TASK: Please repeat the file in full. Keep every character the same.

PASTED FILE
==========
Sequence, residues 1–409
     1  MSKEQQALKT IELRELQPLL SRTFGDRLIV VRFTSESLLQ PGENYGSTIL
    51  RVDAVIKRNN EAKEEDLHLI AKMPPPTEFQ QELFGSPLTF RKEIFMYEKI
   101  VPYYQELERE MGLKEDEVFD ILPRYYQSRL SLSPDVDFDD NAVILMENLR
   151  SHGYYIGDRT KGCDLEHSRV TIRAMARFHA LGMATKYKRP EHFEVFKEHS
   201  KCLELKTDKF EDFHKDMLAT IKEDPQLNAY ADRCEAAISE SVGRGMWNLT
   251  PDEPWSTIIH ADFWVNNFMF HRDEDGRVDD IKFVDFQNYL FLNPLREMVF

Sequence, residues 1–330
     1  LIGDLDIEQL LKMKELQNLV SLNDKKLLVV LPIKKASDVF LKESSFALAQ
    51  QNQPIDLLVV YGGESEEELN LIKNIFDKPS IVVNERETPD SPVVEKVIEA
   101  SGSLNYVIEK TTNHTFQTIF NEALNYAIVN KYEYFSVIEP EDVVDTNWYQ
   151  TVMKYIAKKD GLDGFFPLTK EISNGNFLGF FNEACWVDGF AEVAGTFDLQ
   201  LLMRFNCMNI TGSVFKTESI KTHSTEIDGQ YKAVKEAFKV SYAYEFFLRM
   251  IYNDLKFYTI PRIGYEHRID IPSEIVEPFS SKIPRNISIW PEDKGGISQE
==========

Sequence, residues 1–409
     1  MSKEQQALKT IELRELQPLL SRTFGDRLIV VRFTSESLLQ PGENYGSTIL
    51  RVDAVIKRNN EAKEEDLHLI AKMPPPTEFQ QELFGSPLTF RKEIFMYEKI
   101  VPYYQELERE MGLKEDEVFD ILPRYYQSRL SLSPDVDFDD NAVILMENLR
   151  SHGYYIGDRT KGCDLEHSRV TIRAMARFHA LGMATKYKRP EHFEVFKEHS
   201  KCLELKTDKF EDFHKDMLAT IKEDPQLNAY ADRCEAAISE SVGRGMWNLT
   251  PDEPWSTIIH ADFWVNNFMF HRDEDGRVDD IKFVDFQNYL FLNPLREMVF

Sequence, residues 1–330
     1  LIGDLDIEQL LKMKELQNLV SLNDKKLLVV LPIKKASDVF LKESSFALAQ
    51  QNQPIDLLVV YGGESEEELN LIKNIFDKPS IVVNERETPD SPVVEKVIEA
   101  SGSLNYVIEK TTNHTFQTIF NEALNYAIVN KYEYFSVIEP EDVVDTNWYQ
   151  TVMKYIAKKD GLDGFFPLTK EISNGNFLGF FNEACWVDGF AEVAGTFDLQ
   201  LLMRFNCMNI TGSVFKTESI KTHSTEIDGQ YKAVKEAFKV SYAYEFFLRM
   251  IYNDLKFYTI PRIGYEHRID IPSEIVEPFS SKIPRNISIW PEDKGGISQE